ITHACA, N.Y. — On July 20, 1969, astronauts Neil Armstrong and Buzz Aldrin left their spacecraft and walked on the moon — the first humans to do so. Cornell University will be celebrating the 50th anniversary of the Apollo 11 moon landing July 20 with an event called “From the Moon to Mars and Beyond.”
Fifty years ago, the moon landing changed what people considered humanly possible, said Nikole Lewis, assistant professor of astronomy and Sagan Institute deputy director.
“It was the first time that people had set foot on a planet other than Earth, and an event like that can be nothing but historic,” she said. “It certainly inspired generations to think about going beyond the Earth and exploring worlds in our solar system, and even past that.”
To commemorate the achievement, Cornell will host an afternoon of lectures and a panel starting at 2 p.m. Saturday, July 20, in the Call Auditorium in Kennedy Hall.
The Division of Rare and Manuscript Collections in Kroch Library also has an Apollo 11 exhibit on display for the summer. One highlight is a notebook by Cornell graduate Ernest Sternglass, who conducted research on electron amplification, which helped an estimated 650 million people watch the live images of Armstrong and Aldrin taking their first steps on the moon July 20, 1969.
The event kicks off with a lecture by visiting scientist Peter Thomas entitled “Apollo 11 Plus 50: Context, Personal Recollections and Why It Succeeded.” Following Thomas, Michael Mellon, principal research scientist in Cornell’s astronomy department, will give a talk called “Exploring Mars: Past, Present and Future.”
Mellon and Thomas will focus on the history of human exploration of the moon and Mars and give audience members context on the implications of further research and investigation.
Cornell had a role in analyzing samples from the moon for their elemental makeup. Lewis said Cornell has a rich history of planetary science, which is a tradition that has continued today. These days, Cornell chemists and planetary scientists work on a broad range of things concerning the future of space exploration, Lewis said. Some areas of interest include developing technology required to explore new planets and solar systems and analyzing samples for space.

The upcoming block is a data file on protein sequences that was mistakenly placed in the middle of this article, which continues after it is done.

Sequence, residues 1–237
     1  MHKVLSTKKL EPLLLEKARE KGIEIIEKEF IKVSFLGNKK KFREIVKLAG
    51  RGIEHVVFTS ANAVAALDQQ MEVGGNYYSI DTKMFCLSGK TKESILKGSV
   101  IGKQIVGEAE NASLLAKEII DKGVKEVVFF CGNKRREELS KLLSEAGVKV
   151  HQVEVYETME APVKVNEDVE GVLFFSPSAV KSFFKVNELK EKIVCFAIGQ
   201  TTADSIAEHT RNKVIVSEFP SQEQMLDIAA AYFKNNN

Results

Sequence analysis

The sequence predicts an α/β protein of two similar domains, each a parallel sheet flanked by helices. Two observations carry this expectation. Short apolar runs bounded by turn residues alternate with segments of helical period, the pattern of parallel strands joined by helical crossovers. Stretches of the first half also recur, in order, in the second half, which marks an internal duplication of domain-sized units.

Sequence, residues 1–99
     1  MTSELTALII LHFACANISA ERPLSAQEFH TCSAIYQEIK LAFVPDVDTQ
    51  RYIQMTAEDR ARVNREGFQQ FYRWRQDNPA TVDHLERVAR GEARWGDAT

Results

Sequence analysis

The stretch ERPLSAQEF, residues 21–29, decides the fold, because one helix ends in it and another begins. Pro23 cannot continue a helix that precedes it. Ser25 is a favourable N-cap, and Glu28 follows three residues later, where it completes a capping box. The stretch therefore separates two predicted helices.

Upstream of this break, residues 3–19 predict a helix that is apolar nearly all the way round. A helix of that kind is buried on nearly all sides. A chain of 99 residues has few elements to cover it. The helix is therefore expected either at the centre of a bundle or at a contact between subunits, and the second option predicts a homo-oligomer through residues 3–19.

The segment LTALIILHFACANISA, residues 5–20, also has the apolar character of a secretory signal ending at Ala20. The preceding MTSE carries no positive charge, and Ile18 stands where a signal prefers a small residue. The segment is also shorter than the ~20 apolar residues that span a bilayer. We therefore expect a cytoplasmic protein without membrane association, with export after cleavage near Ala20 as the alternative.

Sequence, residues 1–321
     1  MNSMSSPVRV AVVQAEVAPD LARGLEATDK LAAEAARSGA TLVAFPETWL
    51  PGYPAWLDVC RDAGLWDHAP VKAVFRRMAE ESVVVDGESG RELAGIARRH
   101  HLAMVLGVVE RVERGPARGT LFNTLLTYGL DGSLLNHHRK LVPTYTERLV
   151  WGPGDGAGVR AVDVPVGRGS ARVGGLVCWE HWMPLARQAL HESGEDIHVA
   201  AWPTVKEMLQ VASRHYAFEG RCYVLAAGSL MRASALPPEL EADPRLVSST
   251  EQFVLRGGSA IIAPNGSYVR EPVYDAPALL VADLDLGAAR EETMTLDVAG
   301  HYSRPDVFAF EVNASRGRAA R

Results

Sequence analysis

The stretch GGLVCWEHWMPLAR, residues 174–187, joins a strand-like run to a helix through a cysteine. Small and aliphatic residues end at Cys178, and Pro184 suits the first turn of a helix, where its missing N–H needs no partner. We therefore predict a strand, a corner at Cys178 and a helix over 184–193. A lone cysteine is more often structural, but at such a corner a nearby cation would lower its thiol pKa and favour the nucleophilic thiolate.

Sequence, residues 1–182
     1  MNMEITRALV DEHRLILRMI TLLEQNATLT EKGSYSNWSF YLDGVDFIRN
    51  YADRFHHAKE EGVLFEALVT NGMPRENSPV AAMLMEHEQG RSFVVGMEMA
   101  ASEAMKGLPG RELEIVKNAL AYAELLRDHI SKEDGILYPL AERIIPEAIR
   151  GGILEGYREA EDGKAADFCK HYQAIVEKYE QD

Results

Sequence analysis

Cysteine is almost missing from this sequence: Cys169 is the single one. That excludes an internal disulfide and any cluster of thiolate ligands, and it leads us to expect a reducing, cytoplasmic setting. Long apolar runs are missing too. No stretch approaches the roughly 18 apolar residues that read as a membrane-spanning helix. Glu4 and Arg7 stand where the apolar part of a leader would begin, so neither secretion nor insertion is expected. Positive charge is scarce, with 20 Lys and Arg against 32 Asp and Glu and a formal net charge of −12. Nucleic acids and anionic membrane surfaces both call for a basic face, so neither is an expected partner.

Looking to the fate of space exploration, a panel consisting of three Carl Sagan Institute members will take place at 3:20 p.m. The panel will discuss the future of robotic and human space exploration in the long-term.
The speakers will include Lewis, Jonathan Lunine, professor in the Physical Sciences and chair of the astronomy department, and Mason Peck, professor of mechanical and aerospace engineering and former NASA chief technologist.
Lewis said one big goal that came out of the moon landing was the goal to get people to Mars, but that isn’t the only thing scientists are interested in.
“That’s the next thing, the next obvious place to send people in our solar system,” she said. “But we have a lot of folks thinking about how we could potentially get something to light speed of light to travel to other solar systems.”
Featured image: Astronaut Buzz Aldrin walks on the surface of the moon near the leg of the lunar module Eagle during the Apollo 11 mission. Mission commander Neil Armstrong took this photograph with a 70mm lunar surface camera. While astronauts Armstrong and Aldrin explored the Sea of Tranquility. (NASA)